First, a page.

Lilly and Niklas de la Motte were married outdoors at...

Lilly and Niklas de la Motte were married outdoors at their Water Mill home. Credit: Images by Berit, Inc. / Berit Bizjak

Here comes the bride, with a bouquet of . . . kale? That's exactly the type of celebration Arielle Fierman had in mind for her Nov. 23 wedding last year to Lee Haspel at Great Neck's Temple Israel. After all, it fit their lifestyle: The bride, 30, is a nutrition and lifestyle expert who runs the company Be Well With Arielle and is the host of Glamour's healthy cooking video series, "Treat Yourself." Her husband, 30, an assistant portfolio manager, is known to whip up green smoothies in the morning before work, and the two enjoy checking out fitness classes and farmers markets together.

"Because I work in the health and wellness industry, I wanted the wedding to be a reflection of me and my husband," Haspel says of her nuptials. "This is a lifestyle we live already. So many weddings are so cliché -- I just wanted it to be us, and be totally different."

Haspel isn't the only health nut in town. With boutique fitness classes and juice bars spreading through the tristate area faster than an engagement announcement, couples are carrying their more-chia-seeds and less-cheese-plate habits into everything from "clean" bridal showers and bachelorette weekends to gluten-free dessert bars at the wedding reception.

Wanting to do something fun and physical with her friends before her September wedding in New York City, Jordana Kier, 28, took her pals for a spin -- literally -- at the East Hampton SoulCycle studio in August. The group fitness activity felt like a fun and upbeat way to break up her relaxing bachelorette weekend on Long Island, says the entrepreneur bride, who has completed two triathlons and amplified her workouts in the months before her wedding.

"Everyone had a really good time and could keep up with the class," Kier says of working up a sweat with her group of 12, who piled into a Saturday morning class and pedaled together on two rows of bikes. Although their skill levels varied, from first-timers to spin regulars, "Everybody felt comfortable," she says.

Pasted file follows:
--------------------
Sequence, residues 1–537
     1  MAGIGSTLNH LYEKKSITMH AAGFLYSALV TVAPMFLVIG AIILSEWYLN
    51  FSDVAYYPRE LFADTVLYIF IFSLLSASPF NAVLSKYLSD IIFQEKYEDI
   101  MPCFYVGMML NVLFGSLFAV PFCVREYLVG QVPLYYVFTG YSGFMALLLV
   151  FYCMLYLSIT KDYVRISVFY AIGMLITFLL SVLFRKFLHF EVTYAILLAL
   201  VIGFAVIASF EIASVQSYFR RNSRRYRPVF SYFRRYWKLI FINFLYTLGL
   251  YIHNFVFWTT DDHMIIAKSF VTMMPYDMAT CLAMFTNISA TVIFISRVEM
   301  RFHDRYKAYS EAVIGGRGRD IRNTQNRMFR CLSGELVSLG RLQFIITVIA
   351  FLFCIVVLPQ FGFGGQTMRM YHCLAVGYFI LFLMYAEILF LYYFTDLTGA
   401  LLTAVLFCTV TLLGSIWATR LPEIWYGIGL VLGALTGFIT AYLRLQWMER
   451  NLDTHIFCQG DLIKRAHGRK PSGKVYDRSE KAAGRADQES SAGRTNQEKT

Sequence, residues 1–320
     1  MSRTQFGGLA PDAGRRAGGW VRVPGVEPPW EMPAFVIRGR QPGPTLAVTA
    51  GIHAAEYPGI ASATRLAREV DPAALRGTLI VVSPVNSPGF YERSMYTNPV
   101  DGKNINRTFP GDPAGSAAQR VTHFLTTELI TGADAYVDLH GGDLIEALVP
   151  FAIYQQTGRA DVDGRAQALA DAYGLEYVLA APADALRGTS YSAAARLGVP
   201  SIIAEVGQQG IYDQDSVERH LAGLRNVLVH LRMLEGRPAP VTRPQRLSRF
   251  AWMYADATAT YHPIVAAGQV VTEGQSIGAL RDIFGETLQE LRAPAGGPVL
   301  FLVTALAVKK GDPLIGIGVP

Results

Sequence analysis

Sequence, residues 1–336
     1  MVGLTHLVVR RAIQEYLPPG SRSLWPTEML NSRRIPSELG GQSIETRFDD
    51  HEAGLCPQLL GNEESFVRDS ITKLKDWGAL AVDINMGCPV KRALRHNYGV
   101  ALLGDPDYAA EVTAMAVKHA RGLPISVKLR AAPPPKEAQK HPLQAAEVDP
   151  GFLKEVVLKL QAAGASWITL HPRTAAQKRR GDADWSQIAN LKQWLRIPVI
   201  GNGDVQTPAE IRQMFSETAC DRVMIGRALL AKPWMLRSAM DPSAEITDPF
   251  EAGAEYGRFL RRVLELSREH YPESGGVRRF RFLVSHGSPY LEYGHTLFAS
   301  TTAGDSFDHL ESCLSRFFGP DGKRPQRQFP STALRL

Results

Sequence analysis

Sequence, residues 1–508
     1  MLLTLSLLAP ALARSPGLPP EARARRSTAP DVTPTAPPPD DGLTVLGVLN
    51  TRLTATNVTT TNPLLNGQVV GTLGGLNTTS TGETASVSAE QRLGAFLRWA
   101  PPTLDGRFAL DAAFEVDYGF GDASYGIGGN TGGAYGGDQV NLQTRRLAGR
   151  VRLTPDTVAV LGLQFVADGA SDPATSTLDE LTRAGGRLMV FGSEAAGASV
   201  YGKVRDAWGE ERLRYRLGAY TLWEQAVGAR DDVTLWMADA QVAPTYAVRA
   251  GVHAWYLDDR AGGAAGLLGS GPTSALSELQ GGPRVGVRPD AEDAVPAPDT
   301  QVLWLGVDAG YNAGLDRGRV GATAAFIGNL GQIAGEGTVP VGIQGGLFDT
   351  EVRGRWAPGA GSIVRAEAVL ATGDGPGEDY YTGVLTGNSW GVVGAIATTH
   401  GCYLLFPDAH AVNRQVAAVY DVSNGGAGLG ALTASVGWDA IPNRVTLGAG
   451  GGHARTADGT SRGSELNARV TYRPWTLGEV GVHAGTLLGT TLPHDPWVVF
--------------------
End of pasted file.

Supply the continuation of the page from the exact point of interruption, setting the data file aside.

So, has Pilates replaced party buses when it comes to pre-wedding blowouts?

"I wouldn't say the days of debauchery are gone, but I'm seeing more brides going to bikini boot camp or a yoga retreat as an alternative," says Sarah Pease, owner of Brilliant Event Planning in New York. Some couples are even starting the actual wedding day with a fitness break to calm any pre-wedding jitters. For instance, Haspel and her four bridesmaids enlisted a yoga instructor to lead them through calming stretches in their Manhattan hotel room before they got glam for the festivities.

"It was a great way to start the morning," says Haspel, who also showed off one of her favorite yoga poses in her wedding portraits. "I was able to move my body and get energized without wearing myself out, and make myself feel more present, centered, focused and grateful."

Pease has even worked with brides who led their attendants on an exhilarating 5k run the morning of the wedding. "It's a nice bonding activity," she notes, plus "they're up early, anyway."

Not only are couples drinking veggie juices, they're using those leafy greens as decor. That's exactly what Jennifer Gilbert, founder of the New York event company Save the Date and author of the memoir "I Never Promised You a Goodie Bag," had in mind for Lilly and Niklas de la Motte's June 30, 2012, outdoor wedding under a clear-topped tent at their Water Mill home. Since the property itself borders a farm, Gilbert suggested decorating with vegetables and herbs from local farm stands -- "things that look and feel like the landscape of the Hamptons," she said. The sophisticated black-tie affair for about 200 guests elevated the concept of vegetables as art. Centerpieces of broccoli, asparagus and carrots made for charming conversation pieces. "It was different than saying Table 8 -- it was the asparagus table," Gilbert says. The couple, of course, was thrilled with the clever take on tablescapes.

The menu continued the healthy theme with foods from local farm stands, fresh catch from nearby fishermen, wine from Wölffer Estate Vineyard in Sagaponack and crisp seasonal salads. "Anything closer is fresher, and supports the community in the Hamptons where they live," Gilbert said.

Haspel, who also emphasized guilt-free fare, agrees. "Food is so important to me, so I made that a priority," she said.

A pre-wedding conversation with her caterer resulted in healthy (and fun) substitutions for the typical wedding bites. Bar snacks included kale chips and maple-sesame crusted cashews (using recipes on her blog), and smoothies (in flavors like berry and pineapple mint) were served with or without alcohol as an alternative to soda. Nutrient-rich entrees like coconut-crusted cod and acorn squash ranked high with guests, and late-night snacks included hydrating coconut water (high in potassium to help ward off hangovers). Even the coffee bar featured almond milk instead of fake creamer.

Best of all, the healthy substitutions were easy to implement. "[The caterer] was so happy to learn about coconut milk ice cream," Haspel says of her dairy-free dessert twist.

Were friends and family disappointed by the lack of trans fats? No way.

"They loved the smoothies -- it helped energize them and made them feel healthier," Haspel says. "The one thing they said at the end of the night was, this wedding was so 'you.' "


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